Before being drafted into the Army, Richard H. Lacey remembers making music with the band at LaSalle Junior-Senior High School in Niagara Falls.
He played clarinet, but his heart struck romantic notes as his eyes drifted from the sheet music to Doris Nelson, another clarinet player.
Almost an entire lifetime would unfold before Lacey, just five years ago, officially became her boyfriend.
And at age 87, the World War II veteran says he might never have lived to see that day had he not been so fortunate during his time as a soldier. Thrice he was wounded, and each time he was awarded a Purple Heart.
A machine-gunner, he suffered his first wound Oct. 12, 1944, just outside of Aachen, Germany.
“They were shelling us with mortars. We had just finished digging a foxhole, and I was standing outside it when I was struck with shrapnel in the right hip,” Lacey recalls . “I was among the walking wounded. A medical Jeep came and took me. I ended up in a Belgium hospital. They took the shrapnel out and put me on a train to Paris.”
From there, he was flown to England for recuperation.
“I was there a month, and then we crossed the English Channel in a British ship on Thanksgiving,” he says. “I slept in a hammock and ate cold canned turkey. I was on my way back to the front.”
The journey included two days inside a “40-and-8” boxcar, which he said could accommodate 40 soldiers or eight horses.
“We had no food, and the train would stop and we’d run out into the fields and get whatever food we could from farms,” Lacey says.
“The train would start to move, and we’d run up to it. I don’t know if you want to know this, but one fellow fell under the wheels of the train and lost his legs.”
He recalled an officer at a replacement camp asking him if he was eager to get back to the front lines.
“I thought to myself, ‘Are you crazy?’ but I said to him I was anxious to be returned to my outfit, the 30th Infantry Division. It was nicknamed ‘Old Hickory’ after Andrew Jackson.”
During the Battle of the Bulge, Lacey suffered his second wound, but this time he was only out of commission for a day.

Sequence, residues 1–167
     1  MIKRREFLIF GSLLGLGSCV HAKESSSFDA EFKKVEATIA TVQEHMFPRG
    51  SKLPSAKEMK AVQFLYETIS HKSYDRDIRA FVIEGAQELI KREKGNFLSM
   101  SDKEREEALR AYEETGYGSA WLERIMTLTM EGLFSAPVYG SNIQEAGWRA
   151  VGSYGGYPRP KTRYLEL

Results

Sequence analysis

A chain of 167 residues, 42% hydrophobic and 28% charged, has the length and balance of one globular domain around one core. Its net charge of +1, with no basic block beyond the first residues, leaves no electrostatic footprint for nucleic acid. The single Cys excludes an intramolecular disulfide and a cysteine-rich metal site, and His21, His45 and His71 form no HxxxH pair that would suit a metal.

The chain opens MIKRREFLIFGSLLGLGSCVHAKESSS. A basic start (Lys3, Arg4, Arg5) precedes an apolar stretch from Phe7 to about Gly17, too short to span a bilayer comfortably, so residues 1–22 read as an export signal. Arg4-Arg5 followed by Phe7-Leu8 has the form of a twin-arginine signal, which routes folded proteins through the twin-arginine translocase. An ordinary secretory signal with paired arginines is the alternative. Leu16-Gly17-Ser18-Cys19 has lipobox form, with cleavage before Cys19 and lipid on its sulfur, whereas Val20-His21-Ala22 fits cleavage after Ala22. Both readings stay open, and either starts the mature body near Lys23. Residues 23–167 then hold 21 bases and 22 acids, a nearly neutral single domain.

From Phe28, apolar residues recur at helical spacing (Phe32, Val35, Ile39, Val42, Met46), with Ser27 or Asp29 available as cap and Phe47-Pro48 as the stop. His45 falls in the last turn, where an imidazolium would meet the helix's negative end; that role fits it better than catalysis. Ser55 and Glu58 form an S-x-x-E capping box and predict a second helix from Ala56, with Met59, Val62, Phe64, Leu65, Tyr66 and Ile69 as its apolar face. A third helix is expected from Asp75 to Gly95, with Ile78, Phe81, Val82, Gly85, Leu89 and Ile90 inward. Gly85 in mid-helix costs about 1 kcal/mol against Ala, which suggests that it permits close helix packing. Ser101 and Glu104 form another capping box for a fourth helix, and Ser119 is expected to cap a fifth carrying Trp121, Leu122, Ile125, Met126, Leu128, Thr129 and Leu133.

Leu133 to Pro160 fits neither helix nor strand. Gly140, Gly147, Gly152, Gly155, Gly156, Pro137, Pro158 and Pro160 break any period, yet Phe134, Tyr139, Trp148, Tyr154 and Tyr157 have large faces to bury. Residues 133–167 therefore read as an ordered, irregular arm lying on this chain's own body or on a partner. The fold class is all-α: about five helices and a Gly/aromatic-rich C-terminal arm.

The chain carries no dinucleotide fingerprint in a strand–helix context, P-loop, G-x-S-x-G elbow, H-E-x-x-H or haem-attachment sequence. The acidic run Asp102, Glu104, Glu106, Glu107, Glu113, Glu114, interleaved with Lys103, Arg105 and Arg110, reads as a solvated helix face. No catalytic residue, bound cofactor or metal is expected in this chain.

“I was hit by a tree burst. When the shells hit the trees, pieces of the tree came down, and a limb hit my left side, but it was nothing serious,” he says. “I got treated at company headquarters. There were a lot of other guys worse-off with frostbite, losing toes. We were fighting in snow 2 feet deep.”
His third Purple Heart was earned back in Germany.
“It was another minor injury, and, to be honest with you, I can’t even remember the circumstances,” he says. “It’s on my discharge papers. The company clerk was very thorough.”
In civilian life, Lacey pasteurized milk for 33 years at Wendt Dairy in Niagara Falls and returned several times to Europe to visit the old battlefields.
“Each time I go back, I feel great, except when I see the different cemeteries with hundreds of the dead from the 30th Division,” Lacey says. “I feel bad that those guys are there. It’s sorrowful.”
Last September, he was back in Europe for his sixth visit and participated in a documentary about the 30th Infantry. Efforts are now being made to sell the documentary to the History Channel.
But there is more to Lacey’s life than war memories.
He sings all over Western New York in the Retired Men’s Service Club Chorus of Niagara Falls and plays golf at Hyde Park. When his second wife died five years ago, he renewed a friendship with Doris Nelson, whose spouse also had passed away.
“We have our own homes, but we are only a mile and two-tenths away from each other,” Lacey says. “We shop together, we have dinner together every night, and we play cards.”
And occasionally they remember the good old days when both played clarinet for the school band.
Richard H. Lacey, 87
Hometown: St. Petersburg, Fla.
Residence: Niagara Falls
Rank: Private first class
War zone: Europe
Years of service: 1943-1945
Most prominent honors: Three Purple Hearts, four Bronze Stars, five battle stars
Specialty: Machine gunner